So when you are standing in line at the grocery store, attending a sporting event or maybe you are at church and you hear someone say negative things about public schools, teachers, or the IEA, speak up. Tell them your story. Tell them your truth, tell them your experience, and invite them to visit your classroom. You see, I love my profession and love this Association and I have no problem telling anyone who will listen how proud I am to be a teacher and a union member. Each and every one of us must be able to tell the world – especially potential members and policy makers – that we are proud to be members of the IEA and our reasons for joining must be bigger and better than the liability insurance. The next time you go to an Association meeting, invite one other member to go with you. Tell them they have talents that are needed in the Association. Tell them there are opportunities for them in the Association. Tell them the more they put into the Association, the more they will get out of it.
Even in these very turbulent times, we have so much to be proud off. We can and must be proud of the humanitarian things we do. Over my many years of involvement in this Association, I have watched IEA members give their time and money for someone else’s child. We have the Children’s Fund, where you somehow find money – even in this economic downturn – to help the children of Idaho. You pass the hat at staff meetings and at Association meetings to help a family or staff member in need. This union is a group of deeply committed, compassionate people. I have attended the National Education Association Representative Assembly, where 9,000 delegates raised money to pay off a house for a member/leader that was dying. We also dug deep into our own pockets to help a student, Ryan White, as he battled AIDS. NEA was the first organization on the ground to help when Hurricane Katrina hit.
These are powerful stories that illustrate how we are truly a very large family. We rally together every day when we walk into our schools. Every single day we rally together in extraordinary acts of caring and kindness and leadership, and yet at the end of the day we shrug it of and say, “It’s no big deal, it is just what we do.”I want you to know it is a big deal, and you all need to be proud of what you do!! You know sometimes I hear teachers or support staff say, “I’m just a teacher or I’m just a bus driver or classroom assistant.” I want you to stop that. Believe in what you do. No one is “just” a bus driver, cook, or teacher. You are powerful people. I have been so fortunate over the last six years to visit many schools from Weippe to Wallace, Caldwell to Council, Hansen to Homedale, Malad to Meridian, and Boise to Bonneville. Every time I walk through the doors of a school building, I can’t help but smile.
We seem to hear a constant message of what’s wrong in our schools, but I simply don’t buy it. I have watched you do your work and your work is like none other. You change live. You build the foundation for our future. You make dreams come true, and your work is what makes this country great. Public education is the corner stone of our democracy and great things are happening each and every day in our public schools! Stand up for what you do and be proud of your work! ALL of you deserve appreciation and thanks.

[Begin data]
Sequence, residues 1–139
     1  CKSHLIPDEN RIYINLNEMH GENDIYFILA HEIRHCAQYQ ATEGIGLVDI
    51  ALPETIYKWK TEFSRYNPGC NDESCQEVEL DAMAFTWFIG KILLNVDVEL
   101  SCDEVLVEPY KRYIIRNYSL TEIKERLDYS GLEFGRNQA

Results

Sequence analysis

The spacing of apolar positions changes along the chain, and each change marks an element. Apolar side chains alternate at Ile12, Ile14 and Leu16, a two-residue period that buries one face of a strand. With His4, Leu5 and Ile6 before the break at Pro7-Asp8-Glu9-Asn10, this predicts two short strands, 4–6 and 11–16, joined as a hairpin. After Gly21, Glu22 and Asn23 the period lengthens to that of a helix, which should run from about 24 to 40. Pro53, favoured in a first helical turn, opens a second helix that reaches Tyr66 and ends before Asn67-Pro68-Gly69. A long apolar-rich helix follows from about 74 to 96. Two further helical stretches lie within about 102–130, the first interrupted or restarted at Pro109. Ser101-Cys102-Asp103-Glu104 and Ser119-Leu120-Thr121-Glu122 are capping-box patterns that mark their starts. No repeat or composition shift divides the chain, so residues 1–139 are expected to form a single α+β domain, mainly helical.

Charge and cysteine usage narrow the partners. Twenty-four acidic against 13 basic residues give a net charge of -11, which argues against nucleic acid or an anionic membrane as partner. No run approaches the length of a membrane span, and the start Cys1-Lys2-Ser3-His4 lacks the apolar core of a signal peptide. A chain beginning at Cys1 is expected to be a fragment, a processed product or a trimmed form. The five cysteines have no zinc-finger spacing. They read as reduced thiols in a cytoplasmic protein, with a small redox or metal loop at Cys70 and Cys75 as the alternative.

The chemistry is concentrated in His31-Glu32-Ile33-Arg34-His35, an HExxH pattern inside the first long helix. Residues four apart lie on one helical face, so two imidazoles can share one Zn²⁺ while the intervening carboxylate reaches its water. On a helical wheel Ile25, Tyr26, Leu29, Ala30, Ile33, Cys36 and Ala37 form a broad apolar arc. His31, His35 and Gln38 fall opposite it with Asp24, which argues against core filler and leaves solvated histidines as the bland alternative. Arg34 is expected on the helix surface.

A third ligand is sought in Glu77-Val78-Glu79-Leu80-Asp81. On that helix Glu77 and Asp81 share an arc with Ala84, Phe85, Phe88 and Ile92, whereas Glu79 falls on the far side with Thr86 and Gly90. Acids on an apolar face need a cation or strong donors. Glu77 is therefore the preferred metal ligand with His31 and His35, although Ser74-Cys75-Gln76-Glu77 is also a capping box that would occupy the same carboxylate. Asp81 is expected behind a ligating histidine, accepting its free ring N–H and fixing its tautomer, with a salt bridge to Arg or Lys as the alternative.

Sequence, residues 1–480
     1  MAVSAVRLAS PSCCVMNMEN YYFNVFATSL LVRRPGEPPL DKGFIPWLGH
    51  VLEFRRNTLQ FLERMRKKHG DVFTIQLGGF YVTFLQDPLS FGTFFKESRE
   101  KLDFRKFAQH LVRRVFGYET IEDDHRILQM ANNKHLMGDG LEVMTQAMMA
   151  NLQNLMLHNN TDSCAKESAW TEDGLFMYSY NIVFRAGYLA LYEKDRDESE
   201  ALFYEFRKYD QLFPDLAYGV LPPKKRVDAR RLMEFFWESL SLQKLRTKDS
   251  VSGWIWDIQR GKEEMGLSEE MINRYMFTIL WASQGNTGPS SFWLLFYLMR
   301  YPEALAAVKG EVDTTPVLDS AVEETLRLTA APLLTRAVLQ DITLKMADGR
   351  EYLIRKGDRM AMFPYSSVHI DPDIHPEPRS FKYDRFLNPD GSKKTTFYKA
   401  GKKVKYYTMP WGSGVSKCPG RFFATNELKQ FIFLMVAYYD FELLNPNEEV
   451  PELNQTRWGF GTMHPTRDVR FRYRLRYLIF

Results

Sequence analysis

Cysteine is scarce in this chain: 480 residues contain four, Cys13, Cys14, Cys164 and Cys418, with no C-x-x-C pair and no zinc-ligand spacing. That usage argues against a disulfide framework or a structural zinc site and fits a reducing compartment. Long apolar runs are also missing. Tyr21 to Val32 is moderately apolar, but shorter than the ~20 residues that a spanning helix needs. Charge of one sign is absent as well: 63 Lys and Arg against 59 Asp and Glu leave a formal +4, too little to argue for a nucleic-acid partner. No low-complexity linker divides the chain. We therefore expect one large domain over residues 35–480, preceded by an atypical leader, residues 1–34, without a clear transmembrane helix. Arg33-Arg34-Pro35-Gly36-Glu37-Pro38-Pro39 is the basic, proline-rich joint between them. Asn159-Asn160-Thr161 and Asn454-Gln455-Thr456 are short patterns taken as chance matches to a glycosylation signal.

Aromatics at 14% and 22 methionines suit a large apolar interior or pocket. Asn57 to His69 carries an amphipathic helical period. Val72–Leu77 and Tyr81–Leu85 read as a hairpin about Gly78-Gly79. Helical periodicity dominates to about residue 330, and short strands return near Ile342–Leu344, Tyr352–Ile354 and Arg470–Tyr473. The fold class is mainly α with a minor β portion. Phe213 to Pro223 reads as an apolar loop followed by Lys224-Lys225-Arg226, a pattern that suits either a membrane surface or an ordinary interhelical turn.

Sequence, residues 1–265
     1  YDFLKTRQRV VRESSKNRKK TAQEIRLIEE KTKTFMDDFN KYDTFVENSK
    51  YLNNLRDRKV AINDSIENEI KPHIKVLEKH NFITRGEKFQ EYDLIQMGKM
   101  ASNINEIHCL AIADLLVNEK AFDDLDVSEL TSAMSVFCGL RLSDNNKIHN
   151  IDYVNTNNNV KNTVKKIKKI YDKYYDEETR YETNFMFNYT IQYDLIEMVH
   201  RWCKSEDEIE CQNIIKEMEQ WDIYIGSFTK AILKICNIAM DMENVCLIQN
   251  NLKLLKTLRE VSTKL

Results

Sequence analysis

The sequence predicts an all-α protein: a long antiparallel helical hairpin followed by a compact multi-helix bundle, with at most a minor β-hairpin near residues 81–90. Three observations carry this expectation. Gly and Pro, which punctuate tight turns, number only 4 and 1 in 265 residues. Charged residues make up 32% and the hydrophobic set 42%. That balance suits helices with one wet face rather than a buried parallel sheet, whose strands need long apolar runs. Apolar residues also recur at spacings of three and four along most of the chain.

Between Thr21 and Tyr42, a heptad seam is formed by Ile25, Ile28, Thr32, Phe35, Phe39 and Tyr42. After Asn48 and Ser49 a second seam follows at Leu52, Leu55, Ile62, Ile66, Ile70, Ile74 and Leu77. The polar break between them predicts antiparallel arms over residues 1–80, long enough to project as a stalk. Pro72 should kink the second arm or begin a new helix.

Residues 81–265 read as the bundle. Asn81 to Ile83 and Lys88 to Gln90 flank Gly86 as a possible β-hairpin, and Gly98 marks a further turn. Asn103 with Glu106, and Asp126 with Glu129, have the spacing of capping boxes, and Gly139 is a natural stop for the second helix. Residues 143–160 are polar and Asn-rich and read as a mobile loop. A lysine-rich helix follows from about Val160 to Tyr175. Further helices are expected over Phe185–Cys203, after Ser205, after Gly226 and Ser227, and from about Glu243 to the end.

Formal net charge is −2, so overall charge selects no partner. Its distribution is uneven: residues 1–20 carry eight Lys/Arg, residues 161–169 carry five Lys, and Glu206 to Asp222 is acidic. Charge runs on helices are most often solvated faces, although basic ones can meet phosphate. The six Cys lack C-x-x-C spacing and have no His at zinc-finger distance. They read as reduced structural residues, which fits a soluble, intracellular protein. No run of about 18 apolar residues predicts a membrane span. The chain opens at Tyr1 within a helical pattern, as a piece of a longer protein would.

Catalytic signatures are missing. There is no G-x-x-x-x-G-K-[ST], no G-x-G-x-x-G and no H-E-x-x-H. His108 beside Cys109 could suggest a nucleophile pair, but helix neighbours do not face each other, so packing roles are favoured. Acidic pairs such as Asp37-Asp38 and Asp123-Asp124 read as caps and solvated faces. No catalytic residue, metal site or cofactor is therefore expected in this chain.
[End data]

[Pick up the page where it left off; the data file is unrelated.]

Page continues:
There are so many stories I could tell about things that have happened over the last six years, but I will just mention a couple. Jim Shackelford taught me a very important lesson: how to have and KEEP a poker face. However, there were times when both he and Robin had to do some re-teaching. He also would tell me not to swear when I talked to the media, and I am happy to report to you that I never did!
How about way back in October of 2005, just after I started as President, I was picking apples in my back yard and a huge apple fell out of the tree and hit me in the cheek bone, giving me a big black eye. That week, Marilyn Howard announced her retirement, so I was interviewed by all the press – with a black eye. I also had a black eye for my first meeting with all the stakeholder leaders and the state board, and none of them really believed my story of how I got it.
Or how about the time, just this last legislative session when I could no longer keep my mouth shut when people lied in their testimony. I told the governor’s education advisor that he lied about who was in the room to write the Luna bills. When Frank VanderSloot was here to testify, I got his attention and said to him, “I think you need to meet me, I am Sherri Wood, the Union Boss you have been bashing in the newspaper the last several weeks.” He tried to tell me he wasn’t bashing me or teachers. He said he loved teachers, but I told him that in light of his ads, that sounded pretty abusive to me. I also told him he was clueless about the Luna bills and he had no idea what the bills would do to our schools and our educators. I also I thanked him for helping us increase our membership. I told him I am proud to be a Union Boss, and that his ads just make us stronger!
Many of you have asked me what I plan to do when I finish my term as president. I usually respond with “as little as possible for a while.” The only thing I have on my calendar for the month of August is a haircut, and my friend Carmen and I are going to Challis for four days to be seeing the Braun Brothers at their reunion concert.
My daughter Whitney – she is the President of the University of Idaho student IEA program, and she is a delegate here today – will be moving back home to do her student teaching at the elementary school she attend, Cynthia Mann, so I get to be a stay-at-home mom, and I am very proud that she is entering the profession where I left off. And, I will retire from this great profession on September 1.
I thank each and every one of you as well as all the members you represent—it has been an honor and a privilege to be your advocate. The opportunity to serve as your president has been a gift – a gift for which I am enormously grateful. I value the friendships that I have made with you, and please know that I proudly stand shoulder to shoulder with you as you continue to fight for our children, our members, and public education! Stay strong, carry on, and continue to give the gift of the art of living well. From deep in my heart, I love you, I will miss you, and I thank you!